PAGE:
Movie review: ‘Sarah Palin: You Betcha!’
If you’re hoping that the new documentary “Sarah Palin: You Betcha!” has at least a little of the humor and bite of Michael Moore’s stinging “Roger & Me” — the take-down of General Motors executive Roger Smith that seems to be its inspiration — you’ll be sorely disappointed.
If you’re looking for a paean to the once and future political career of Palin — as John McCain’s vice presidential running mate in 2008 or a possible Republican presidential contender in 2012 — you’ll be disappointed as well.
Instead, the latest collaboration from longtime British documentarians Nick Broomfield and Joan Churchill is suffering from a bad case of freezer burn from start to finish. Its litany of allegations leveled in Palin’s direction ranges from the silly — that she was really only an average high school basketball player, not a “barracuda” — to the serious — that she used her political position as governor of Alaska to try to get her former brother-in-law, a state trooper, fired.
The barbs feel stale at best, squandered at worst, and the ominous music that accompanies each sounds as if it has been lifted from the silent movie era.
The film starts with a very slow wind-up. Broomfield, looking comically unfit for the job whether by accident or intent in a blinding red flannel coat and moose hunter cap, heads to Palin’s childhood home of Wasilla, Alaska, in October 2010. There are the familiar stats — population 6,000; 70-plus churches with a strong evangelical bent; crystal meth capital of the state — to set things up.
The most salient fact that emerges, and the one that will inform the rest of the film, is that the central accomplishment of Palin’s turn as mayor was to draw a metaphorical line down Main Street, with Wasilla residents having to decide whether they were for her or against her. And the film does make you pity the poor souls who ended up on the wrong side of the street.
Broomfield makes his way through town, interviewing many of the disenchanted — folks who were once in Palin’s inner circle and are now on the outs. They paint a picture of a mean-spirited, ill-informed, BlackBerry-addicted politician who would be dangerous in the White House.
These are hardly new contentions, leaving “You Betcha!” without much of the ripped-from-the-headlines juice that has worked for some of the filmmakers’ other tabloid-styled documentaries, “Kurt & Courtney” in 1998 and “Biggie and Tupac” in 2002, among them.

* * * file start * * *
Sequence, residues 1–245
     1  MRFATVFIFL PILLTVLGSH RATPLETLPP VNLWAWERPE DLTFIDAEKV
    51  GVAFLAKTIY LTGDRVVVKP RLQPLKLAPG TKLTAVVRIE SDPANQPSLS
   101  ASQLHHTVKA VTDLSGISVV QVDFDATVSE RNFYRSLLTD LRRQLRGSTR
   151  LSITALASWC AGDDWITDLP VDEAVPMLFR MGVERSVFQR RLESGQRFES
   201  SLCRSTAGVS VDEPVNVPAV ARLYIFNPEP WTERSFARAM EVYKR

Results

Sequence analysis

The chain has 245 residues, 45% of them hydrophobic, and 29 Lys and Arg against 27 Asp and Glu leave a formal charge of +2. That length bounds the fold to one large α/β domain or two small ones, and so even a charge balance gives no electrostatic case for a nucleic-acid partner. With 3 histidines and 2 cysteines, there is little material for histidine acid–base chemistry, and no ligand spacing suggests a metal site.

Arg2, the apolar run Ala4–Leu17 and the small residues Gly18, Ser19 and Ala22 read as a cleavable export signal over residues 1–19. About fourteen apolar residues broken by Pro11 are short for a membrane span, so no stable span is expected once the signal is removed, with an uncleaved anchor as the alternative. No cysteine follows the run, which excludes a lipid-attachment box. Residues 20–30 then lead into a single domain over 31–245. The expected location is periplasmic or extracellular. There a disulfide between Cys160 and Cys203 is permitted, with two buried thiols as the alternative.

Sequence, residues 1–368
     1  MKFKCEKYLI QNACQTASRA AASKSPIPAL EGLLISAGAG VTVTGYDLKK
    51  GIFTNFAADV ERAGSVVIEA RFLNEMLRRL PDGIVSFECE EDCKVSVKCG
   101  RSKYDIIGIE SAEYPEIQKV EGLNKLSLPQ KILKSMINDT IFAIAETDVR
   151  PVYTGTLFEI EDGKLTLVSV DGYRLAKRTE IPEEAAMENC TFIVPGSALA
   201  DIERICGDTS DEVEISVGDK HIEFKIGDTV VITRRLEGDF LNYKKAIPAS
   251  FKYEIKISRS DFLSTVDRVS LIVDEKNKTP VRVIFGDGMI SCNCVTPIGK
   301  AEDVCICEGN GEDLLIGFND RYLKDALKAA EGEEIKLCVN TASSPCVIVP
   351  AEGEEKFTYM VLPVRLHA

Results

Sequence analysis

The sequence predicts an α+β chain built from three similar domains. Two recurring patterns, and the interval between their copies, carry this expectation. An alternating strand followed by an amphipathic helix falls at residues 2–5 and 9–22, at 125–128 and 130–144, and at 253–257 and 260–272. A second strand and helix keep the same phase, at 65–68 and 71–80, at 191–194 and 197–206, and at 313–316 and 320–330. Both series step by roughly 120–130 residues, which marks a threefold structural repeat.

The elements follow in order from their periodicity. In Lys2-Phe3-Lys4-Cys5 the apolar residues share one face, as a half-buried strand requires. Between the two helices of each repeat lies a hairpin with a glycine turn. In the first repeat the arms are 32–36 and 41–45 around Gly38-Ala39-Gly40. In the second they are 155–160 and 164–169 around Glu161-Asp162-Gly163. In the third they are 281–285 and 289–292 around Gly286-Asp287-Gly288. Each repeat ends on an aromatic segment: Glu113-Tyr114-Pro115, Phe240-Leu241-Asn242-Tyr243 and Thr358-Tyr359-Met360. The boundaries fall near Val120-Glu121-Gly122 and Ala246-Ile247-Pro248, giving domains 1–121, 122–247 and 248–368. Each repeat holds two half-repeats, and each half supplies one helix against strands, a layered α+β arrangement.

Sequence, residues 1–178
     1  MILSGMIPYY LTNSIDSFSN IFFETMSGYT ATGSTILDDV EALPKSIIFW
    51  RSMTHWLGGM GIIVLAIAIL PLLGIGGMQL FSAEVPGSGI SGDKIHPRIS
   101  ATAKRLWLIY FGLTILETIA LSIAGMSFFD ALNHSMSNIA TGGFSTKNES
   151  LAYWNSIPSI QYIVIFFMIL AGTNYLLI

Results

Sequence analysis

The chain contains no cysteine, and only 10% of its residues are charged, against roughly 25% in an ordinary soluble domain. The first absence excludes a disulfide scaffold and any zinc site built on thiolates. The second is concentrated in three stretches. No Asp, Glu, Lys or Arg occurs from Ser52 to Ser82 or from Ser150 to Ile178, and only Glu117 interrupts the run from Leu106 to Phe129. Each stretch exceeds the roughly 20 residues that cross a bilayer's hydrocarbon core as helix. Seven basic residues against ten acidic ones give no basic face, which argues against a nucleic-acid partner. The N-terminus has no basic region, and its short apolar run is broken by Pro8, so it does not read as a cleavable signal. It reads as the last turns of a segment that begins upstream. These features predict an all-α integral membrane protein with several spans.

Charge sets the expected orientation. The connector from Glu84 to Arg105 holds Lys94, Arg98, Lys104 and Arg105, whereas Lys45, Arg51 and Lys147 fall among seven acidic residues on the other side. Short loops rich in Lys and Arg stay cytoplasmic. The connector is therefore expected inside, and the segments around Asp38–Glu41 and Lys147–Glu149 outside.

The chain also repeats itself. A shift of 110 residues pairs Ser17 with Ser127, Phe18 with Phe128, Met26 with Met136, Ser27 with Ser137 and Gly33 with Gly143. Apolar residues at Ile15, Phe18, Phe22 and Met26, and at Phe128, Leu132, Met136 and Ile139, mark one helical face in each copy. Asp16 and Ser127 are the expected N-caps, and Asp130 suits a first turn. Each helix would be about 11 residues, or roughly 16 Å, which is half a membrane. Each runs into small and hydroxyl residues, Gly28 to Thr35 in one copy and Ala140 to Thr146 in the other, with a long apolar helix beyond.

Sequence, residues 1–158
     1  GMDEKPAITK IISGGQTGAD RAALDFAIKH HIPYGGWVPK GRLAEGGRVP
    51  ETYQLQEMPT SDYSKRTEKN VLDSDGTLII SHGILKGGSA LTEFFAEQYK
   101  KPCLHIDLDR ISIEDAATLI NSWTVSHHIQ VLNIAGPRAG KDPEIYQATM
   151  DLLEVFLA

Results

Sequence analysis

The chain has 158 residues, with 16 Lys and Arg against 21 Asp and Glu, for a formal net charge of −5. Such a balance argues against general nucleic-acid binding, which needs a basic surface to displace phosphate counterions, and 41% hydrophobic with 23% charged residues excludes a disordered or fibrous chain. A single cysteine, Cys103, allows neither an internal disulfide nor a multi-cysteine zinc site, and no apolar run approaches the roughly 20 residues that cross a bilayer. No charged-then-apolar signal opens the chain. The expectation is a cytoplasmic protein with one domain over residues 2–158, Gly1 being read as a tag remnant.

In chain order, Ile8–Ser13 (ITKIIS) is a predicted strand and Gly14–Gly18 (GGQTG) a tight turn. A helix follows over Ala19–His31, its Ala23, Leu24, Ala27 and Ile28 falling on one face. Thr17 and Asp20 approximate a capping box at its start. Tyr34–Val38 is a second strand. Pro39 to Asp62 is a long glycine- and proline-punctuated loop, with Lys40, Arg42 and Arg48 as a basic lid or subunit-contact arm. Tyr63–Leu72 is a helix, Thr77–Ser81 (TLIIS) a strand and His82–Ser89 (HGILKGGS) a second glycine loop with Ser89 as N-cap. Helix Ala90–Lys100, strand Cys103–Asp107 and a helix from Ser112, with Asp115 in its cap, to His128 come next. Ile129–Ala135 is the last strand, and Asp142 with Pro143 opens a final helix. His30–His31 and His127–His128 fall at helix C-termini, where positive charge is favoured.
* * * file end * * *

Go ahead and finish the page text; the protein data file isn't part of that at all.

There are a few “gets” in “You Betcha!” Much is made of Mike Wooten, the ex-brother-in-law who was the center of what became known as Troopergate, seen here in his first interview since the 2008 wave of publicity during the presidential campaign. It’s kind of a bust, with Wooten offering that what you see of Palin on TV or in public is not what you get back in Wasilla.
Before the filmmaker is classified as persona non grata by the Palin camp, Broomfield gets some face time with her parents, Chuck and Sally Heath. But other than a look inside the couple’s modest house and a better sense of just how big moose antlers are, there is little insight into the childhood that shaped the driven public figure Palin has become.
Many of Broomfield’s attempts to score an interview with Palin are chronicled. The public forums where he catches her — book signings for her “America by Heart: Reflections on Family, Faith and Flag” or speaking engagements — turn out to be relatively mundane encounters. In Houston, she’s cordial in signing his book, and we hear the catchphrase that gives the film its name.
Even a scene in which Broomfield shouts questions at the end of a well-orchestrated Q&A session following one of her speeches, and is escorted out of the room by security, fails to become the dramatic high point the filmmakers were clearly aiming for.
Most troubling in “You Betcha!” is the underlying journalism, or lack of it. Broomfield goes in without any apparent agenda, but by the end is relying on unflattering photos of Palin and shots of the green-faced Wicked Witch of the West from “The Wizard of Oz” to do the damning.
New facts, or new insights on old facts, would have made for drama enough.